Hidden St Albans jewel to be restored
Christchurch Earthquake 2011
An 1860s Christchurch heritage building used as a commune since the 1970s will be restored and opened to the public for the first time.
The commune, tucked behind homes in a St Albans street, is the birthplace of Greenpeace in New Zealand and the Christchurch Women's Refuge.
At its peak in the 1970s, about 20 people lived in the building, including former Labour Cabinet minister Marian Hobbs.
The 1862 brick house, known as Chippenham Lodge, was damaged in the Canterbury earthquakes.
The society that owns the building hopes to raise about $150,000 for repair and restoration.
The Canterbury Earthquake Heritage Buildings Fund is supporting the fundraising effort. The fund, which has granted about $10 million to help restore historic buildings, has put the lodge on its list of 11 Canterbury buildings that need to be saved.
Heartwood Community secretary Rebecca Bloomer said the restored building would be open to the public. "We would like to open a museum with a history of the building.
"Chippenham Lodge is kind of tucked away. People don't realise it is there. It is a hidden gem, so we want to raise our profile.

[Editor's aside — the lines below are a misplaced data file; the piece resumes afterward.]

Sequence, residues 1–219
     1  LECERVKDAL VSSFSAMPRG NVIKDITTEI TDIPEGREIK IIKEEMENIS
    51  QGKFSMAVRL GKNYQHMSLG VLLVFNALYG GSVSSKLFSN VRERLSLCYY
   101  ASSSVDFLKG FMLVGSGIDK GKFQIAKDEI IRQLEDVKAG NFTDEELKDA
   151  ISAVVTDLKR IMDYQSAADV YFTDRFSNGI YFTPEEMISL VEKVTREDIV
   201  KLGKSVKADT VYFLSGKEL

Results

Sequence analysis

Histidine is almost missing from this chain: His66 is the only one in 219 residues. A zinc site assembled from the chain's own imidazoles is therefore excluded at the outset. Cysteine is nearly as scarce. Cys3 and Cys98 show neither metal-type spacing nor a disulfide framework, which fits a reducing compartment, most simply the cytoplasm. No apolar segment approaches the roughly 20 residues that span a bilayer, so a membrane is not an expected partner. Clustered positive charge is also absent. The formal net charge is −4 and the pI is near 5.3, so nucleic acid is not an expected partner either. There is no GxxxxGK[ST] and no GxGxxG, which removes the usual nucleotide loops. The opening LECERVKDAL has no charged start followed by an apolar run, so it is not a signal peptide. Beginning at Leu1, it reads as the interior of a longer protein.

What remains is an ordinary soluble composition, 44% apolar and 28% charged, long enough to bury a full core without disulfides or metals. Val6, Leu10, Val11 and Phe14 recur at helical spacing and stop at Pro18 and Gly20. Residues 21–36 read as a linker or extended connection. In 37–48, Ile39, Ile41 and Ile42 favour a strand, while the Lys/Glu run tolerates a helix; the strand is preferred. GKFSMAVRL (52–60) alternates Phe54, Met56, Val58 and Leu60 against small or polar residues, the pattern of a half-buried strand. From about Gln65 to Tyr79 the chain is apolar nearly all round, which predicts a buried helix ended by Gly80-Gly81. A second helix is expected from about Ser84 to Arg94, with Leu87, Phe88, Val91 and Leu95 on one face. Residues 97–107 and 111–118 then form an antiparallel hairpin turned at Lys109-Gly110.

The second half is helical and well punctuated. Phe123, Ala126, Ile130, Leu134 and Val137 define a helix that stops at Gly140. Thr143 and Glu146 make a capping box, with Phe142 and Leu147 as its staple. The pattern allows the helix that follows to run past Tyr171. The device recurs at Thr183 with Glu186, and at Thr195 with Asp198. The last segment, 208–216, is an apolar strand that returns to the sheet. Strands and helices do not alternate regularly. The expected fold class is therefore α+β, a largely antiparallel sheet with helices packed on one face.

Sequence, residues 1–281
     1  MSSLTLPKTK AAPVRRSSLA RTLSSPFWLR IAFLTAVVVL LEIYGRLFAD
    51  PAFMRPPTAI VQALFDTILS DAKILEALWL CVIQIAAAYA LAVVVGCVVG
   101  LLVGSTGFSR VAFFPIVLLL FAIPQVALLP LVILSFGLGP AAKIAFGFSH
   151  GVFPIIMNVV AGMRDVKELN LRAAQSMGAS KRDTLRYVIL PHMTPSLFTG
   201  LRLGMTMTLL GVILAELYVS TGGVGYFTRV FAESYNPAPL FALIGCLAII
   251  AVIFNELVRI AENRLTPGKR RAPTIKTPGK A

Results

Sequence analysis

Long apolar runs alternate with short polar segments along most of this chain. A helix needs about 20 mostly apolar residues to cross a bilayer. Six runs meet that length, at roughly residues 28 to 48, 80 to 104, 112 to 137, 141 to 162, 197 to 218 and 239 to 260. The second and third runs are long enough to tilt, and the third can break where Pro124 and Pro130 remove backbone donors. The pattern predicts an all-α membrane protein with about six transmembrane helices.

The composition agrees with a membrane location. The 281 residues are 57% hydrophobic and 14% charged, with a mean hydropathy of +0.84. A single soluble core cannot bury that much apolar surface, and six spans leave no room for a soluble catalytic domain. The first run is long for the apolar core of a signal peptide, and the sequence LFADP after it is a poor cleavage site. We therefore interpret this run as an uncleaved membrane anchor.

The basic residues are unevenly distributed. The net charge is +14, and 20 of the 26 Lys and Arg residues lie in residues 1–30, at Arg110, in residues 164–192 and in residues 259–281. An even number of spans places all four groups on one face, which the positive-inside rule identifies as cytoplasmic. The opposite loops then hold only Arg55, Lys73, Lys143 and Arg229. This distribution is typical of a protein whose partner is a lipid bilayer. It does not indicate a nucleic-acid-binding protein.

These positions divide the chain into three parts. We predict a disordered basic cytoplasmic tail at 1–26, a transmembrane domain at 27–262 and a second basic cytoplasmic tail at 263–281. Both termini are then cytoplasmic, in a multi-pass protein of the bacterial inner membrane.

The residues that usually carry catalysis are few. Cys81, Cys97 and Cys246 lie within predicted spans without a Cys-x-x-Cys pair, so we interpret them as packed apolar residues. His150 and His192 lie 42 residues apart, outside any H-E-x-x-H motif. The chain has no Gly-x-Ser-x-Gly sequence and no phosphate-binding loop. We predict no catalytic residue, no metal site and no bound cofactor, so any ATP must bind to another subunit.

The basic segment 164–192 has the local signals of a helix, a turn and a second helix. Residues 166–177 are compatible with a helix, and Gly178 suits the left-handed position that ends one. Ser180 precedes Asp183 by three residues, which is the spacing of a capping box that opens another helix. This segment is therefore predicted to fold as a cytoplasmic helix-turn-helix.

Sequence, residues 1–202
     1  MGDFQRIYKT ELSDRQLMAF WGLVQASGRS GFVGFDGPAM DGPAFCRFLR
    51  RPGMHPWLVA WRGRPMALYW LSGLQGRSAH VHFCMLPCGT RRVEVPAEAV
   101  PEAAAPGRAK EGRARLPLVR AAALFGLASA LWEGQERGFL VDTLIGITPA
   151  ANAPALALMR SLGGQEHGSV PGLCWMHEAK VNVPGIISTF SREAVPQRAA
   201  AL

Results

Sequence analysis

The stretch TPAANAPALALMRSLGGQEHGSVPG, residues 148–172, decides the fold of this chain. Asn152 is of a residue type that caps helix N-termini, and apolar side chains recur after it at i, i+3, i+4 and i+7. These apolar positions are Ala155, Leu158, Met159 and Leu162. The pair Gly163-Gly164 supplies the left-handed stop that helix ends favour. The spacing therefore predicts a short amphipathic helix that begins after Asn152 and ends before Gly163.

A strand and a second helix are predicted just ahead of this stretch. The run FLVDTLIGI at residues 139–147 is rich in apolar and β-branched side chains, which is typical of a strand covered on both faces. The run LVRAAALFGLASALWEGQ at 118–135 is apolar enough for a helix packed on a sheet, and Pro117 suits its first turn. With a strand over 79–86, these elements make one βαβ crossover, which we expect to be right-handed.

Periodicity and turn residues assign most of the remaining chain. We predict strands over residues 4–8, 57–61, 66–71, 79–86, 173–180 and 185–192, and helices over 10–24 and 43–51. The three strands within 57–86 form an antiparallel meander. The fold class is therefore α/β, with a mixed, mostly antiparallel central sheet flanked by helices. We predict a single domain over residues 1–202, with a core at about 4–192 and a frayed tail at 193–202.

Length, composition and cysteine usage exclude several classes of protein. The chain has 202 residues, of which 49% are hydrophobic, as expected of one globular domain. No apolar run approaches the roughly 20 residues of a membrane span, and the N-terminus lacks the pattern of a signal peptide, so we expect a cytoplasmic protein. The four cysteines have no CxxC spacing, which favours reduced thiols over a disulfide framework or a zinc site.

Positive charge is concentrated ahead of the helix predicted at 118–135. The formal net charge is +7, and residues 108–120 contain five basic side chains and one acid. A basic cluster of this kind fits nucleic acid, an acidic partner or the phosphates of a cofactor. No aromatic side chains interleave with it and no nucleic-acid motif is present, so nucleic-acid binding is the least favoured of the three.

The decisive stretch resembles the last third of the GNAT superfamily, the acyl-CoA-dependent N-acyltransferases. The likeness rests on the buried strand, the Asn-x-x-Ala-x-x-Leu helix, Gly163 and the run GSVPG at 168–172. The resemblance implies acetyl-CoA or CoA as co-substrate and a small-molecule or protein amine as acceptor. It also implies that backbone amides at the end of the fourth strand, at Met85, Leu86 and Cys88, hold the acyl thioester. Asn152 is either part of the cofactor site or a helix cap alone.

"The building has a beautiful ballroom with french doors that open on to the garden. People could book the space for conferences or meetings."
Bloomer said it was hoped to raise $150,000 to mark the building's 150th anniversary. Repair and restoration will cost about $700,000. "We need a bit of help because of an insurance shortfall."
"It has suffered quite significantly in some areas, but it fared very well because it was so well built."
The building has been attributed to neo-gothic architect Benjamin Mountfort, who designed the Christ Church Cathedral spire, the Arts Centre and the Canterbury Museum.
Fundraising manager Kristina Pickford said the building had an interesting history. "Chippenham is important not only for its architectural qualities but also for its rich social history.
"What is lovely is it is the Heartwood Community's intention to open part of the house to the public, giving people an opportunity to visit and learn about the unique property."
- © Fairfax NZ News
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